Calc, the spreadsheet program, competes with Excel on all the basic elements, including mathematical and statistical functions. Calc also handles money matter very nicely -- for example, it can show you how your loan payments and interest rates change over time.

Calc can also load and save Excel's Visual Basic (VBA) macros but -- and this is an important but -- while you can run and edit the imported macros, you can't save them back into Excel format. Calc imports VBA and converts it into NeoOffice Basic, which you can then edit and save into a Calc document along with the read-only VBA. Exporting back into Excel format preserves the original VBA with a warning that you'll lose your edits. If you only need to run spreadsheets with VBA macros or don't need to share macros with Excel colleagues, you may be just fine, so whether this matters to you depends on how much you share your spreadsheets. VBA support is a work in progress, so it's likely this limitation will be lifted. NeoOffice also allows macros to be written in Python and JavaScript.

Importantly, scripting for macros in VBA on the Macintosh will no longer be supported by Microsoft in Office 2008. For Mac users who use Microsoft and who have successful integrated into a Windows environment, NeoOffice might end up providing better support than Microsoft's own offering.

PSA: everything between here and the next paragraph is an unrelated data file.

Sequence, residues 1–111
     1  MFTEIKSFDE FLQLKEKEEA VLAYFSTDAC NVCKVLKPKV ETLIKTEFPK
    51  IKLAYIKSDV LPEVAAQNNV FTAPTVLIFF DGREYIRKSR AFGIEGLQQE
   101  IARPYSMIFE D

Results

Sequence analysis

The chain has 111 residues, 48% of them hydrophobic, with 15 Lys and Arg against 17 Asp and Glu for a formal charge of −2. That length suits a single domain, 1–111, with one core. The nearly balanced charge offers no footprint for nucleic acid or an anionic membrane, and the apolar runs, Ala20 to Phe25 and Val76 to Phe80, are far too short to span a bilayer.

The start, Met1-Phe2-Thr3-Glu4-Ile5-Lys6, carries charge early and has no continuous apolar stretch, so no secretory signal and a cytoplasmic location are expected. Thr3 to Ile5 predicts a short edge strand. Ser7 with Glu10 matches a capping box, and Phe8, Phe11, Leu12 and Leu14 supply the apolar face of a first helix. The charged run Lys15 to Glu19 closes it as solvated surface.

Impress, the alternative to both Powerpoint and Keynote, is in some ways easier to use than either, with its accessible menus and a good selection of slide layouts.

Impress provides the different views (Normal, Outline, Slide Sorter, etc.) in a small bar across the top of the main window, just under the toolbars. This is much friendlier than Powerpoint's view icons located in the bottom left corner, and more recognizable than Keynote's pull-down View menu.

Impress changes the default toolbars depending on the view, which is helpful. But bizarrely, it takes away the "new slide" option, so unless you're in Normal view, there is no obvious way to create a slide, which is ridiculously unhelpful. Yes, as with all open source software, I can reconfigure all of this, but if Powerpoint and Keynote don't remove the "new slide" button in slide sorter mode, neither should NeoOffice.Other problems: The slide show loads slowly, and the slide pane to the left is annoyingly large: it displays only four slides at a time (I can't tell if it's configurable), whereas Keynote's manages to hold 12 slides. And Impress has a scant five themes (and they're ugly) to Keynote's sleek 27. This may increase if others contribute to this part of the project.